- A memorial for Graham’s victims was finally constructed in 2004 and unveiled by one of the men present when Graham was fatally shot. This NZ Herald article has some good quotes.
When your Dad carks it on a trip to Wellington, but your inheritance relies on him dying on the farm in Marlborough, what on earth can you do about it? That’s the problem facing Grant Tilly and Kelly Johnson in John Reid’s Carry Me Back, a raucous corpse-toting farce that gives Hayden and L.J. a bit more than they bargained for.
Director: John Reid
Producer: Graeme Cowley
Screenplay: Derek Morton, Keith Aberdein, John Reid
Story: Joy Cowley
Director of photography: Graeme Cowley
Editors: Simon Reece, Michael Horton
Arthur Donovan…Grant Tilly
Jamie Donovan…Kelly Johnson
Aunty Bird…Dorothy McKegg
TK Donovan…Derek Hardwick
- The company that produced the DVD of Carry Me Back no longer has any internet presence, and the DVD appears to be officially out-of-print. Copies are still for sale through Aro Video and more information is available from NZ Videos. If you can’t find a copy of the DVD, fear not, the film is available to rent and buy in HD from NZ Film On Demand.
- Carry Me Back is packed with recognisable faces in small roles, many of whom we didn’t get a chance to mention. Bruno Lawrence turns up briefly as a policeman, Ian Watkin as a strip show emcee, and Kate Harcourt makes an appearance as a motel owner.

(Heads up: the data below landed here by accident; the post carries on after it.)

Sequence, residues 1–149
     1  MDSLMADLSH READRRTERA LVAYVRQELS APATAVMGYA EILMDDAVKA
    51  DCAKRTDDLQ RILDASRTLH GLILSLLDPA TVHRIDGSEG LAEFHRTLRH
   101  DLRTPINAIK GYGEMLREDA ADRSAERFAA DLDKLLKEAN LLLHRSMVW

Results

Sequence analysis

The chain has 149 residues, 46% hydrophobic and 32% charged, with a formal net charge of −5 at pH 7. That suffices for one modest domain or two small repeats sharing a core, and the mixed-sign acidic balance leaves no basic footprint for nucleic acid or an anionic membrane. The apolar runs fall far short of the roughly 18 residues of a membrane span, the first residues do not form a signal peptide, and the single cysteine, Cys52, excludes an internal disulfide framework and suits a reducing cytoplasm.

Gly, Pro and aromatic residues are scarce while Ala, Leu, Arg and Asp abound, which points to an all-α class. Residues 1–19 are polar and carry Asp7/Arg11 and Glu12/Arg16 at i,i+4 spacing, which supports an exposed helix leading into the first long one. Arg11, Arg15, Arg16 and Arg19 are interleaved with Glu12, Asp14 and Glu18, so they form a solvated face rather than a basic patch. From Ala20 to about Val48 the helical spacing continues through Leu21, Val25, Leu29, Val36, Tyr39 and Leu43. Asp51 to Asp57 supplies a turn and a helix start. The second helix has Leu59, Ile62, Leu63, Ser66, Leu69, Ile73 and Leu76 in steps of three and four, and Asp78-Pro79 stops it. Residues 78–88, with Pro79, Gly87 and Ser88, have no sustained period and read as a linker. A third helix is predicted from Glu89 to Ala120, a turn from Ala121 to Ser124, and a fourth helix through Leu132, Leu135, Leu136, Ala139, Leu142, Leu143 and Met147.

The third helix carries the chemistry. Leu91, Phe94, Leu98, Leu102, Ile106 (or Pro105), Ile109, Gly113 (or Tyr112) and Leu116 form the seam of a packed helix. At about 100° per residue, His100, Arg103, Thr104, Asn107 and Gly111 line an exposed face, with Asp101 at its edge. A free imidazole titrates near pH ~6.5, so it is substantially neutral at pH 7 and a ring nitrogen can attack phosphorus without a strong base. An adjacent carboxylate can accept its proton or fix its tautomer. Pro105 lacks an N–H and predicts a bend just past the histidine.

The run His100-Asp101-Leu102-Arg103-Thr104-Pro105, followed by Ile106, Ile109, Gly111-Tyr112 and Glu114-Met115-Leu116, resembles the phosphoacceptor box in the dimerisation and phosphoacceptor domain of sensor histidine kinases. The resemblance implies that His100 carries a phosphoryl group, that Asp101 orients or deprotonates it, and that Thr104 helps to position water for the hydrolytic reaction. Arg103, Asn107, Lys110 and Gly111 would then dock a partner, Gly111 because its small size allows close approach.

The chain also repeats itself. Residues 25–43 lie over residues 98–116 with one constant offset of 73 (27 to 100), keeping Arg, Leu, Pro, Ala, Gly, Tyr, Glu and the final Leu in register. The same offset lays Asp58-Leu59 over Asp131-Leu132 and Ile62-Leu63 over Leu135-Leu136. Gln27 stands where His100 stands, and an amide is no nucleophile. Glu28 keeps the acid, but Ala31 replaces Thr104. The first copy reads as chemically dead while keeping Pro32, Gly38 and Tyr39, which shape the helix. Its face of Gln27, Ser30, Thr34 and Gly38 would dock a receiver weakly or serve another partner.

- Although information about Joanne Mildenhall is scarce she was obviously active in the Wellington theatre scene in the early ’80s, as evidenced by a photo reproduced on the website of Victoria University of Wellington, from an issue of the official Student’s Association magazine Salient. It’s attached to a review of a production of the Stephen Poliakoff play ‘Hitting Town’ at Downstage, in which Mildenhall played one of the leads.
- Hayden muffs a couple of facts in this episode when speaking about Dorothy McKegg. She won her bursary to study at the Old Vic at the age of 19, and her appearances on The Black and White Minstrel Show were during 1955-1956. For more info on McKegg, you can read her biography at NZ On Screen.
- The illustration on the original poster (above) is absolutely terrific. It’s a superb example of a type of evocative poster design than has fallen out of fashion in the past couple of decades. The signpost is somewhat inaccurate though, as the characters never travel farther north than Wellington.